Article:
All the GENERA participants went to Les Refardes (located in Mura) to visit their offices and seeds. There, we met Ester Casas one of the members of the cooperative. We visited their space where they not only sell seeds but also they do the cleaning, separation and storage of the seeds. Les Refardes is an association formed by a group of people in 2004. They work to create a network of self-managed local organic seed producers and distributors. They promote free seed exchange and seed knowledge dissemination by establishing links between farmers, consumers and collectives. As a cooperative they team up with 18 different seed savers or farms, practicing disobedience through their seeds sharing. They see this as a form of protest against seed patents and other corporate controlled regulations. They also do their own seeds cleaning, production, programming, selection, germination control and sales. Read more or order seeds here.
Els Caus de Mura and COOP57
Els Caus de Mura is the hostel where most of the GENERA programme took place and where all participants were hosted. It’s a cooperative (hostel and restaurant) located in the beautiful town of Mura part of the XES (Social Economy Network). Ferran and the rest of the members of the cooperative took care of the whole group and gave us a presentation about this initiative. The project started after receiving support from different ethical, cooperative and non-profit institutions like COOP57. Cooperativa57 is a financial service cooperative aimed at granting loans to projects that are part of the social solidarity economy in Spain. The coop started in 1995 and its nowadays decentralized existing in different cities from Spain.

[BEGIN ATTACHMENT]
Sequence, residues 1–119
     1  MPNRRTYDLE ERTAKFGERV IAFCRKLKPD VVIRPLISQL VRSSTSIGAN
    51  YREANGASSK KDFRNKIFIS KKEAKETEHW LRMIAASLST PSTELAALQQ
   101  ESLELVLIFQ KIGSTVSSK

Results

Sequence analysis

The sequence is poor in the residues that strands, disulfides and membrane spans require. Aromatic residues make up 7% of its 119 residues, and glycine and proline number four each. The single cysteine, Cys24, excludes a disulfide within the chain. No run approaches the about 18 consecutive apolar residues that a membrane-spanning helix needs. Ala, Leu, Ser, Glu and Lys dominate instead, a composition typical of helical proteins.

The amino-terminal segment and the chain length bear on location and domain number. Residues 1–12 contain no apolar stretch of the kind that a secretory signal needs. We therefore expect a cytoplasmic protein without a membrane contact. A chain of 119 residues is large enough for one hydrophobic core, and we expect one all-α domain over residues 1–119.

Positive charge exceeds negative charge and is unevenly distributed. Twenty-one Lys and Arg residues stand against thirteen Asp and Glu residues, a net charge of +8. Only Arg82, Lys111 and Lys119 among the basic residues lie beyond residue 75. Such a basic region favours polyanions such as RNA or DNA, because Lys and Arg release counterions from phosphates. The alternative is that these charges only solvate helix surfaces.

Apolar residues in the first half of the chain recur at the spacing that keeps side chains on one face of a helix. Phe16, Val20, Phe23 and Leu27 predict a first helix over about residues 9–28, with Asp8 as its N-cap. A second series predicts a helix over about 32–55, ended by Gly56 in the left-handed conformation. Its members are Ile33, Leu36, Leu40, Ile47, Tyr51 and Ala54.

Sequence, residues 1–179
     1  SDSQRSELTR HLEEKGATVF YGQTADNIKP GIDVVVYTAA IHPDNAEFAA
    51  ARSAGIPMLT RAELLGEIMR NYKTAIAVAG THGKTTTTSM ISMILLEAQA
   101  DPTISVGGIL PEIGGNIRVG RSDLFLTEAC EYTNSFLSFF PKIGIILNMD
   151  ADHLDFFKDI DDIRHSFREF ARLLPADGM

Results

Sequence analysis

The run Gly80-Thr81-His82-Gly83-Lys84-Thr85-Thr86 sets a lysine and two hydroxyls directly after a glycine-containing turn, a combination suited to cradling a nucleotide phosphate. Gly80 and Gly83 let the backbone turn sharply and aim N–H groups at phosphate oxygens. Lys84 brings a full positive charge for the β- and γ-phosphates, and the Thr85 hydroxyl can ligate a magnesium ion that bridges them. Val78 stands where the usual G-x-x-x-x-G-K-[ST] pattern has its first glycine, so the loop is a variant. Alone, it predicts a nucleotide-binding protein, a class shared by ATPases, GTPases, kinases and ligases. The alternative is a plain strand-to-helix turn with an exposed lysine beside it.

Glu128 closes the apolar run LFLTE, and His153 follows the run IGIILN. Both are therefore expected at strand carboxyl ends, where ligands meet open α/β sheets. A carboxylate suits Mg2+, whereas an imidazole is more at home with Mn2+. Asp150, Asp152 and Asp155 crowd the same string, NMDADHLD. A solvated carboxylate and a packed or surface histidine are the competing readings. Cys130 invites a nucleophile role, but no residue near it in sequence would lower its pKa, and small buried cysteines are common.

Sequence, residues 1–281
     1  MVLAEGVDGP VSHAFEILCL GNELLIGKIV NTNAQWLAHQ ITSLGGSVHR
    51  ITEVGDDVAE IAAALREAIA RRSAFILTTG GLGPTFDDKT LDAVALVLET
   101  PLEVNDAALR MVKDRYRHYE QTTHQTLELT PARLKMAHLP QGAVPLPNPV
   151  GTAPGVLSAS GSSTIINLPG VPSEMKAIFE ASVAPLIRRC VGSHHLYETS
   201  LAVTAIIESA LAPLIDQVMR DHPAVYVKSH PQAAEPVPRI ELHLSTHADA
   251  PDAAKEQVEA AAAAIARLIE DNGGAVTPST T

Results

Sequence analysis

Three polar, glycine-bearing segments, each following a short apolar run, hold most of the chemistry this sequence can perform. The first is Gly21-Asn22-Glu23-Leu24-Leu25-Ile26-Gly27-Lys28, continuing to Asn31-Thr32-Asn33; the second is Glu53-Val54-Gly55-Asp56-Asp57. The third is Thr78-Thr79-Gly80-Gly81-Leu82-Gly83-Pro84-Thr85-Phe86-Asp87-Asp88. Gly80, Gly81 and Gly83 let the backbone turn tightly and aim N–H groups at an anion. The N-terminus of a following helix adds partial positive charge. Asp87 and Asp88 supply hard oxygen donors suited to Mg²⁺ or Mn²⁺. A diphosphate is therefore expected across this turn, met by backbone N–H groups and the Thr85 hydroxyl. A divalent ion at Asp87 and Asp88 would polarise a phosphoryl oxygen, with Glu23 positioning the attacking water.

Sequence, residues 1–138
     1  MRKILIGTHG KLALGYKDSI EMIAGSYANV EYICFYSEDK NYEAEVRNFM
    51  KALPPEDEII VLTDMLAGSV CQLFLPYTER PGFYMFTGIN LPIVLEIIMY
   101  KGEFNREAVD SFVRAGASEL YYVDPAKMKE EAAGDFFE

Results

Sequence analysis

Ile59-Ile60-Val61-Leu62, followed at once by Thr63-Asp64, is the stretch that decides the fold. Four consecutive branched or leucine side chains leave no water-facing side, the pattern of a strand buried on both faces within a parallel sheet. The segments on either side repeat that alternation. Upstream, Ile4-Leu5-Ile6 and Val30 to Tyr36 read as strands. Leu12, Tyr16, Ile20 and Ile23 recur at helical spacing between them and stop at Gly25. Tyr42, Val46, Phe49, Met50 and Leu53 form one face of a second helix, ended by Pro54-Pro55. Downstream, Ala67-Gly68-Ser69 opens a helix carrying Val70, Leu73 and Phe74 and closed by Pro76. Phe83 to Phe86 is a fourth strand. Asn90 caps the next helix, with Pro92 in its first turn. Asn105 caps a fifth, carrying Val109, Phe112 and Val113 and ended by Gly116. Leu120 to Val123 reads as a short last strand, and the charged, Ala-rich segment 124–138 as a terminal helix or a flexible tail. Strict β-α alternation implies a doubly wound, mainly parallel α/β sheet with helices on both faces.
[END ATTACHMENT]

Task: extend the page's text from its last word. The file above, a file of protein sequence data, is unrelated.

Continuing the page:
La Revista Soberanía Alimentaria, Biodiversidad & Culturas
La Revista is a food sovereignty magazine which debates and reflects on what makes up the reality of rural life throughout Catalonia and Spain. It is distributed throughout Catalonia and Spain (also free to download online). They try to improve the visibility of women through the stories they tell in interviews, the authors they choose and 80% of their illustrators being women. The magazine also takes a rural, feminine, diverse and anti-capitalist perspective with beautiful illustrations throughout. Check it out here.
One of the founders, Gustavo Duch, talked about this project, but also taught us about gender visibility in rural areas through a presentation followed by a nice interactive workshop, where our own assumptions where critically examined.
Horizontally organised food cooperative in Catalonia, completely run by women. They have a physical store in Manresa, an online and telephone order store and provide food baskets to over 40 members. They also provide food to some school caterers. For waste food they have a list of families who they can notify when there is food to collect that would otherwise go to waste. On top of this, they recently started organising workshops at schools, a yearly tomato harvest festival and more. Check out their website here.We got very inspired by Alba Rojas, one of the members of the coop that came to the GENERA training and explained to us in detail how they operate and all the ethics and philosophy behind the project.
Website whereby the journey from seed to consumer is traced for three types of agriculture: Agro-ecological, Certified organic, Chemically intensive and Genetically modified. It was created by three women, one of who worked with ASEED in the past, which was a nice coincidence. The website was made with the goal of informing people through simple visualizations on how our various agricultural systems are organised. Check it out here. One of the team members of seedlinks, Rosa Binimelis, an Environmental Scientist & Ecological Economist, came to talk about her own work as an activist and academic at the VIC University, and how these two positions both can strengthen eachother but also how difficult sometimes activism and academia go together.